|[July 13, 2014]
Orbital Successfully Launches Antares Rocket Carrying Cygnus Spacecraft on Cargo Resupply Mission to International Space Station
DULLES, Va. --(Business Wire)--
Orbital Sciences (News - Alert) Corporation (NYSE:ORB), one of the world's leading
space technology companies, today announced it successfully launched its
Antares™ medium-class rocket carrying a Cygnus™ cargo logistics
spacecraft, beginning the company's second operational cargo resupply
mission to the International Space Station (ISS). Cygnus will deliver
vital equipment, supplies and scientific experiments to the ISS as part
of its $1.9 billion Commercial Resupply Services (CRS) contract with
NASA. More information about the CRS mission is available at http://www.orbital.com/NewsInfo/MissionUpdates/Orb-2/.
Orbital's Antares rocket lifts off from the launch pad at NASA's Wallops Flight Facility on July 13, launching essential cargo to the International Space Station. (Photo: Business Wire)
Lift-off of the Antares rocket occurred today at 12:52 p.m. (EDT) from
the Mid-Atlantic Regional Spaceport's Pad 0A located NASA's Wallops
Flight Facility in eastern Virginia. Following a 10-minute ascent, the
Cygnus spacecraft was successfully deployed and placed into its intended
orbit of 120 x 180 miles (190 x 290 kilometers) above the Earth,
inclined at 51.6 degrees to the equator. Orbital's engineering team has
confirmed that reliable communications had been established and that the
solar arrays are fully deployed, providing the necessary electrical
power to command the spacecraft.
The launch of Orbital's Antares rocket and Cygnus cargo logistics
spacecraft will culminate in rendezvous and berthing with the ISS on
July 16 at approximately 6:39 a.m. (EDT). Cygnus will deliver 3,669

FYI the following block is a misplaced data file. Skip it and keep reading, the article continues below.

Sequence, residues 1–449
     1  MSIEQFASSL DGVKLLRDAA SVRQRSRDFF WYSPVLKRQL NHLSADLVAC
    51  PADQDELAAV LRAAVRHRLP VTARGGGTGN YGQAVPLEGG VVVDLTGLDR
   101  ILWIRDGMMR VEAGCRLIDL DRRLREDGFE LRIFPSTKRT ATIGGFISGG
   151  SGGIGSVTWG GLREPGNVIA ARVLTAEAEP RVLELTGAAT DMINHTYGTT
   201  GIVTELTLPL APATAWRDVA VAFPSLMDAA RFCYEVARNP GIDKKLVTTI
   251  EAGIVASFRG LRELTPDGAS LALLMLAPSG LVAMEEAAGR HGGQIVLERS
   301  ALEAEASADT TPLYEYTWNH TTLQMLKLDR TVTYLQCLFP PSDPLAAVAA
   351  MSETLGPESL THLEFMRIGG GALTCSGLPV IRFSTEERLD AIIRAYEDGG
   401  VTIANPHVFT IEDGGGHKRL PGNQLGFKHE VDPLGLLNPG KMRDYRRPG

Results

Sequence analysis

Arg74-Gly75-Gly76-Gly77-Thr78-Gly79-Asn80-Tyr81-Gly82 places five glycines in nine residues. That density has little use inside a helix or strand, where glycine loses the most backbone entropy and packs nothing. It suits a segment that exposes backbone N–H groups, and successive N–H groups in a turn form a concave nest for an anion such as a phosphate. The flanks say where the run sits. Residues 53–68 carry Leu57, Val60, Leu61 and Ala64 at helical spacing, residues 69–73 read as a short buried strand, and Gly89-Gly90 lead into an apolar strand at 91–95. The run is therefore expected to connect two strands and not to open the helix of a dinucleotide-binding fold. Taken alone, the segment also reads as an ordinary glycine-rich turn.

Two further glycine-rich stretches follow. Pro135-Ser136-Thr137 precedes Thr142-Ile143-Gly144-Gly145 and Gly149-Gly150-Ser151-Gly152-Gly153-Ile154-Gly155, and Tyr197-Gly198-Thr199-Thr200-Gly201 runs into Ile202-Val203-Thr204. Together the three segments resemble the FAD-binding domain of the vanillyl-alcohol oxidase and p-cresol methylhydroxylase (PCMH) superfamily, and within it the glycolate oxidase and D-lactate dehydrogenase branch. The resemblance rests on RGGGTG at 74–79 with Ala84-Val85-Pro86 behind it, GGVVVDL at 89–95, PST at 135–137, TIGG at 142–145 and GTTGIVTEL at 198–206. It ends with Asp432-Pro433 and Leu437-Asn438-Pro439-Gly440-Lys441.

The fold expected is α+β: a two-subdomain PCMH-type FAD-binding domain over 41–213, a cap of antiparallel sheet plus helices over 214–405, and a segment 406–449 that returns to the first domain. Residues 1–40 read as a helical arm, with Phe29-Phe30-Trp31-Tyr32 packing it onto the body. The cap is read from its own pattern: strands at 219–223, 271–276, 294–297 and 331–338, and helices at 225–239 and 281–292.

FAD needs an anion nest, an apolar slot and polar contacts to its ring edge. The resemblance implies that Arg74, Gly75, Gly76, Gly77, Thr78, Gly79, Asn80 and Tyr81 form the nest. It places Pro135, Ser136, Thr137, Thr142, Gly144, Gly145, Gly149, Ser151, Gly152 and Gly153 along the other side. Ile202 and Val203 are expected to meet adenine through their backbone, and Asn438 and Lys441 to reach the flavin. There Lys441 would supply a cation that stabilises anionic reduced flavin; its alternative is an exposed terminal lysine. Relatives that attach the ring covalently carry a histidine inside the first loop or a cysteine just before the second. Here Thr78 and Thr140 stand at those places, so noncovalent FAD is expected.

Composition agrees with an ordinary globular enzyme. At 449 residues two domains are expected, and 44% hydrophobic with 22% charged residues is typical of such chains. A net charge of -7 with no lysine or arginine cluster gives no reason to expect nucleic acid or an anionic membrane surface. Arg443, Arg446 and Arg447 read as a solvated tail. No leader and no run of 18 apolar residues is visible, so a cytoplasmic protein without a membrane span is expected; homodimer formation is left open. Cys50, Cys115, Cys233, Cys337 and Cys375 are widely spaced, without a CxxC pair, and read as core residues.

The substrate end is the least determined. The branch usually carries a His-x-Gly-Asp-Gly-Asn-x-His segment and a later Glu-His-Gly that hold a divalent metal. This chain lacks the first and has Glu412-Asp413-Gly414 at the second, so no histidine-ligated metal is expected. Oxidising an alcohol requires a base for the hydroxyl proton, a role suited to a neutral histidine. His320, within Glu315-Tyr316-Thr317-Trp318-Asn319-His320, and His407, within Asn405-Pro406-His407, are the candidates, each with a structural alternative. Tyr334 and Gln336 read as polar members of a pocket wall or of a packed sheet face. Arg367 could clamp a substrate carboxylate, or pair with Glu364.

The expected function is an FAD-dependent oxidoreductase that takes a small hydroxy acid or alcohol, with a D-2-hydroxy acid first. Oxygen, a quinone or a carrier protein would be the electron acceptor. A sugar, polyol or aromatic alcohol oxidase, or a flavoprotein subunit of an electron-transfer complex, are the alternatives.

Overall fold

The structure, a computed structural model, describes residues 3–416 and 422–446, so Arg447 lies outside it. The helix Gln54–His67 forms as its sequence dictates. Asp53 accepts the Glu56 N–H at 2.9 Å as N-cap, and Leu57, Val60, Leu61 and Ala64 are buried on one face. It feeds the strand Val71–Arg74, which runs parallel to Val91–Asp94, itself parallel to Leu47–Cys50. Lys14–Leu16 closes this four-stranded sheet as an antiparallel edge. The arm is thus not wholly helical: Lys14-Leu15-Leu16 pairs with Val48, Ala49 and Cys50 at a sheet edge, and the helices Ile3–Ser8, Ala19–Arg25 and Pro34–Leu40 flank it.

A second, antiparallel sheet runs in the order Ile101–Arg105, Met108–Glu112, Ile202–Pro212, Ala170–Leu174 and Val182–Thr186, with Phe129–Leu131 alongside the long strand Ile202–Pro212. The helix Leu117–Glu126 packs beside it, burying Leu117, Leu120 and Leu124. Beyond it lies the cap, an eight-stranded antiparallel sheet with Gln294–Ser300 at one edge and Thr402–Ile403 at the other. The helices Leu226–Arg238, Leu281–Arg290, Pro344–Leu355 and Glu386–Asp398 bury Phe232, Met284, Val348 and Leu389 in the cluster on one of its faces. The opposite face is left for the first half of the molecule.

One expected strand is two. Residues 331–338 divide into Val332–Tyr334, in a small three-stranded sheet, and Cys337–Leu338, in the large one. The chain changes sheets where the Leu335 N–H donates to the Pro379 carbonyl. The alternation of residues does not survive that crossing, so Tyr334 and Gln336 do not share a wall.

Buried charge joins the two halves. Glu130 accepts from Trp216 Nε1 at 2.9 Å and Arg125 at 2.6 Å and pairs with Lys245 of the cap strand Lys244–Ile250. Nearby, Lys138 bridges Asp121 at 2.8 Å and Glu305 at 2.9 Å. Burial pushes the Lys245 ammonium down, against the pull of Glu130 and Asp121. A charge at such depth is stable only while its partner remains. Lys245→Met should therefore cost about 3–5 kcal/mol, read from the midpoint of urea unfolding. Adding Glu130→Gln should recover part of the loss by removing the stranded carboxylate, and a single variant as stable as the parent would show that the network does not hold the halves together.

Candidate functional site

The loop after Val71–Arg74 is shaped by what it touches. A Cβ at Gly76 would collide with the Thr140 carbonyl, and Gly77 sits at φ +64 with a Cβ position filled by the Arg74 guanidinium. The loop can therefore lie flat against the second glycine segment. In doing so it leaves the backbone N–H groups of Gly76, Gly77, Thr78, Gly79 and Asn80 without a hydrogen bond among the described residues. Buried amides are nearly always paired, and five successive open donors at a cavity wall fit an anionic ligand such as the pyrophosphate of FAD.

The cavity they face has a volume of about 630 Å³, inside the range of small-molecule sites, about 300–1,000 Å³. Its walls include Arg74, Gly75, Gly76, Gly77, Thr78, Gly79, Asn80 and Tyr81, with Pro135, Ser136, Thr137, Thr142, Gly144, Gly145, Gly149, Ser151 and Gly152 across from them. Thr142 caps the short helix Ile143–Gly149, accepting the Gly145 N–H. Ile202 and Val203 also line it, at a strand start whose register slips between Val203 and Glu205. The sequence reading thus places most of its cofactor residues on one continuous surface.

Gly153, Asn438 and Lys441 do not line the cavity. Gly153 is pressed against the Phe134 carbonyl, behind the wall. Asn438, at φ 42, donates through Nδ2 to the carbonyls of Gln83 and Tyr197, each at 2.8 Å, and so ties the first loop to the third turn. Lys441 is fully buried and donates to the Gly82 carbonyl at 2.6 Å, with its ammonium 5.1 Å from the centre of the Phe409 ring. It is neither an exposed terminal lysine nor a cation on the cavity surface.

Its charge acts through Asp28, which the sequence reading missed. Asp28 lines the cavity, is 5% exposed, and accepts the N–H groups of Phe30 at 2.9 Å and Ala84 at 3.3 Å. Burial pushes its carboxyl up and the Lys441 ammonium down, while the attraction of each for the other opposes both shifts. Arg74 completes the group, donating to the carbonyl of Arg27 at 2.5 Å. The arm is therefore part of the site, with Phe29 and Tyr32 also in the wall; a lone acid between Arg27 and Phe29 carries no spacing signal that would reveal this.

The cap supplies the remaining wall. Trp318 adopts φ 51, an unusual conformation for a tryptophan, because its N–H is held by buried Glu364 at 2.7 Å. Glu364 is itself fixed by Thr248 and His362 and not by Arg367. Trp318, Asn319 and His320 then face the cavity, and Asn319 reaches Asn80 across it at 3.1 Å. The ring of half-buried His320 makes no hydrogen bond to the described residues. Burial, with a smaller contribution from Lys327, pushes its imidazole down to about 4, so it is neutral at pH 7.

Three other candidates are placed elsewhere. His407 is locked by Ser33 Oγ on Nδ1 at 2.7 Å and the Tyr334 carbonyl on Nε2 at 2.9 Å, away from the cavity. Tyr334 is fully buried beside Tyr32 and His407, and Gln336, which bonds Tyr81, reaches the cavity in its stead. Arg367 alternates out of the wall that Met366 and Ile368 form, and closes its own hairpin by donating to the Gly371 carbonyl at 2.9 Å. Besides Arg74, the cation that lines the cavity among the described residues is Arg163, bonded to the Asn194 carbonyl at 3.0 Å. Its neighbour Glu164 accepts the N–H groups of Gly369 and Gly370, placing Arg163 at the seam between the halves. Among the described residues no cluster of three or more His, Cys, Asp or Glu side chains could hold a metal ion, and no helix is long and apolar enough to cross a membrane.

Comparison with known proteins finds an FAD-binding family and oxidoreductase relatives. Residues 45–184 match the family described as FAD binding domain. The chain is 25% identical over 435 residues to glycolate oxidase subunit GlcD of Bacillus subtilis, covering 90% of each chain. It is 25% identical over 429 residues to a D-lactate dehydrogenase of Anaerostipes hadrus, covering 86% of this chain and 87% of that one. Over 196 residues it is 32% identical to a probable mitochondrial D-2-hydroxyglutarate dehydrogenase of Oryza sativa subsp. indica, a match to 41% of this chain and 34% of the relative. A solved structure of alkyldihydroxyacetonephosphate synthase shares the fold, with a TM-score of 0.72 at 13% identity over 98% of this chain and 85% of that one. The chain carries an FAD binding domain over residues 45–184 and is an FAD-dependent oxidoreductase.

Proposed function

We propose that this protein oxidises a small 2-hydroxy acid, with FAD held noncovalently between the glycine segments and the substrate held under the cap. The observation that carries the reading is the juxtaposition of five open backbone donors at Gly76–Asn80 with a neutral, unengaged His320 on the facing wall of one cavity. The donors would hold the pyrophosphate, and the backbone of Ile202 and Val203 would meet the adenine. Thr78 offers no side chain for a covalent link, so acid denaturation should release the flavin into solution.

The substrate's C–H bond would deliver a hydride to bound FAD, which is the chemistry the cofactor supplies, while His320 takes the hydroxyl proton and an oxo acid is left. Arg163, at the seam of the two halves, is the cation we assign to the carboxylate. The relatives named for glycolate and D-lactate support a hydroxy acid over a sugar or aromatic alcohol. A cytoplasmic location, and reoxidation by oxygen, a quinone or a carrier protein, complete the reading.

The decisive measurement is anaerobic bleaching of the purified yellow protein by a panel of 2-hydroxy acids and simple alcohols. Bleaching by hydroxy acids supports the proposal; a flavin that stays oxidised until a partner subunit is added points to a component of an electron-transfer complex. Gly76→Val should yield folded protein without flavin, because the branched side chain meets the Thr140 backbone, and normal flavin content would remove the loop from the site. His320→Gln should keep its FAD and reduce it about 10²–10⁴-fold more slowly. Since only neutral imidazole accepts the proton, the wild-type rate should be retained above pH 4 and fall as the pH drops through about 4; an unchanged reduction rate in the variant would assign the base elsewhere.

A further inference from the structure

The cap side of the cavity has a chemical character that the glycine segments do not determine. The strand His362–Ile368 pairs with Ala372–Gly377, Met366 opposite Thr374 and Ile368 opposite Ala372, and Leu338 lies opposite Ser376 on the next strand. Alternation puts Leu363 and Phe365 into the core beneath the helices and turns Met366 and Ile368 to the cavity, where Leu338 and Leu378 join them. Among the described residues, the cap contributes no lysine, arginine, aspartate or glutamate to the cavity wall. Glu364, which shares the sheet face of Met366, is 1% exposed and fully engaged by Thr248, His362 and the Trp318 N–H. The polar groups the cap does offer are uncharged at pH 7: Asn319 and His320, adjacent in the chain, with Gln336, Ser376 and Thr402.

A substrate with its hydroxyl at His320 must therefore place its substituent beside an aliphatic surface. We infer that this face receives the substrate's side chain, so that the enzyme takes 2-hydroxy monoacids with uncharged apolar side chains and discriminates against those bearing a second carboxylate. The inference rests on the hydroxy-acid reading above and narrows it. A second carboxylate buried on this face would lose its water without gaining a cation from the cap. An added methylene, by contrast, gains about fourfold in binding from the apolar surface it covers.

pounds (1,664 kilograms) of cargo to the Expedition 40 astronauts and
remain attached to the station approximately 30 days before departing
with approximately 2,950 pounds (1,340 kilograms) of disposable cargo
for a safe, destructive reentry over the Pacific Ocean approximately
five days later.
"Today's mission was the fourth successful launch of Antares in the past
15 months and the third deployment of Cygnus in less than a year," said
Mr. David W.Thompson, Orbital's President and Chief Executive Officer.
"So far, our second operational CRS mission is off to a great start with
Cygnus operating exactly as anticipated at this early stage of the
mission. We are very pleased to be a reliable partner with NASA to meet
their need for reliable, regularly scheduled cargo resupply for the ISS.
I salute the combined NASA and Orbital team for its hard work to get us
to this point, and look forward to completing another safe and
successful mission for our NASA customer."
Under the CRS contract with NASA, Orbital will use Antares and Cygnus to
deliver approximately 44,000 pounds (20,000 kilograms) of cargo to the
ISS over eight missions through 2016. For these missions, NASA will
manifest a variety of essential items based on ISS program needs,
including food, clothing, crew supplies, spare parts and equipment, and